I F$#%*!@ don’t want your help!

Oh the student interactions we all must patiently work through! The above title is an actual email response from one of our students  when invited to participate in the Early Alert Pilot program. As if the email, in all its colorful intensity, did not express the student’s  feelings well enough he decided to come by personally.   At the time it would have been so easy, and certainly justifiable to send this student on his Public Safety escorted way.  As a spoiler, this did not happen.

In the community college each of us are called to educate, to bring growth,  and to transform our students whenever we can.  It is with those ideas in mind that we are an institution of many chances.  It wasn’t known if is behavior might be because he was  a first generation student, or for that matter, had any one or multiple combinations of a possible issues, because it really didn’t matter.  Since what was known for certain is that he’s our student (GCC’s) and in need of our guidance to succeed.  Yes, his words (in writing and spoken) were offensive but putting the reasons aside here was that moment to make an educational difference.   One which could help a student change,  grow, and move towards transformation. Student Success is impeded by a variety of elements but one of those elements should never be those of us who are suppose to guide.

After steering the student into a civil conversation it was determined that not only did he need the program, he also needed a lot of assistance simply understanding college concepts. Since the initial contact he’s been met with several times and although he still struggles,  a relationship and the conversations are continuing.  Our students need a place to mess-up, to find direction, to have those hard conversations, and to build healthy relationships.  I’m proud to be apart of a team, and a institution that strives to create such a place.  Go Gauchos!!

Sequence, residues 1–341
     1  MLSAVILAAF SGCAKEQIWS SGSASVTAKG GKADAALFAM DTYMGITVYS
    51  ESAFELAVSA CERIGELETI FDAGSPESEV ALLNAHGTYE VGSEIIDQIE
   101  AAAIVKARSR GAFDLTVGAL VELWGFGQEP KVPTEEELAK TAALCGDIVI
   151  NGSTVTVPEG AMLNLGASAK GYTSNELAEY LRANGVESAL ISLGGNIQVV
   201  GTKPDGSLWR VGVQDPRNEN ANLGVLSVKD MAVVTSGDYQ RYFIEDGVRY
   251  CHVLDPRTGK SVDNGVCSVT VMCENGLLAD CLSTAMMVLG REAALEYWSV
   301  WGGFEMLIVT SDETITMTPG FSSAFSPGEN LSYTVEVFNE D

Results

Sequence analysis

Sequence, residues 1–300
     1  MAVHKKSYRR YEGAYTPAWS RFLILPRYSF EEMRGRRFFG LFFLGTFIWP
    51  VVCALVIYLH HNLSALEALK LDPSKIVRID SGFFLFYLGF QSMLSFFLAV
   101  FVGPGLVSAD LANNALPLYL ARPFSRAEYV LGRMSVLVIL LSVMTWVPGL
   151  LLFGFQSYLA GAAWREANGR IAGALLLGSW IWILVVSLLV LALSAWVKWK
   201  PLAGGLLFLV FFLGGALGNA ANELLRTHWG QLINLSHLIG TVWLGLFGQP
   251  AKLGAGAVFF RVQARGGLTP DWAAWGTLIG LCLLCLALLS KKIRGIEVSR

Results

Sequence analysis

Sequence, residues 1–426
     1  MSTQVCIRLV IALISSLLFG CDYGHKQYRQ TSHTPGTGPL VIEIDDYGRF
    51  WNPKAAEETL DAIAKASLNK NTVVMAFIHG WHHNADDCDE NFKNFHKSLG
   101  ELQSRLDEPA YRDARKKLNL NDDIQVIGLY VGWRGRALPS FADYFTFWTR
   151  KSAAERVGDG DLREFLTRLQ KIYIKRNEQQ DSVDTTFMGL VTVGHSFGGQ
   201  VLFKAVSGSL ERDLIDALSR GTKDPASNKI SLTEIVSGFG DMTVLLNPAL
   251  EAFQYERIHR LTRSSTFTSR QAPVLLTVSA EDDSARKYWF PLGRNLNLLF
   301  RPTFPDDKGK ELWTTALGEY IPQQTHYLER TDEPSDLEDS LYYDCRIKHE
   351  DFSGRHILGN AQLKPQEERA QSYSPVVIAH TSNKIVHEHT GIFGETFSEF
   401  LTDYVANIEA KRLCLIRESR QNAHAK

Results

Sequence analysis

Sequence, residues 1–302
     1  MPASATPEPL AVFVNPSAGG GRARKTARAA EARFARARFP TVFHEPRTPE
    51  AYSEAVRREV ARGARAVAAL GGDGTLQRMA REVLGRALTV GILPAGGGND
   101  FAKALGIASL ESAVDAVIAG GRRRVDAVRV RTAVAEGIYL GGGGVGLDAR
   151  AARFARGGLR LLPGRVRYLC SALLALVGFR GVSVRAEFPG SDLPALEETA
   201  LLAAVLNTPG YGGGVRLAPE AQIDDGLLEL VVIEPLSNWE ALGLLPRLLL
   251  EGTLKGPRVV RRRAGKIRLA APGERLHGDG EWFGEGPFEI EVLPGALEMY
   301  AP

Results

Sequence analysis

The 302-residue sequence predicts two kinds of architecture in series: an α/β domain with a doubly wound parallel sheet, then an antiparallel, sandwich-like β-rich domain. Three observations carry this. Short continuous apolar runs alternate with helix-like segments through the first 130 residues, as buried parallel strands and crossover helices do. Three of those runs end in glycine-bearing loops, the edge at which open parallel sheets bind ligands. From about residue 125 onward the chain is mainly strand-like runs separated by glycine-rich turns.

4 thoughts on “I F$#%*!@ don’t want your help!”

  1. Thank you for sharing this interaction. It can be tough to overcome antagonistic words and attitudes, but this is a wonderful reminder that that antagonism can come from a place of great need.

  2. Great article, thank you for sharing! When I worked with “at-risk” junior high and high school students, it seemed the ones most adamant they did not need help actually needed it more than their peers.

  3. I know this student! And isn’t it the way it is…these are the students I hate to see go at the end of the semester…because these are the students that remind me why I do what I do! This time of the semester, I just need a little reminder…thanks Mari!

    1. Thank you each for the kind words and insights. This challenge has been so refreshing and I’m glad we’re doing it. I for one am learning a lot!


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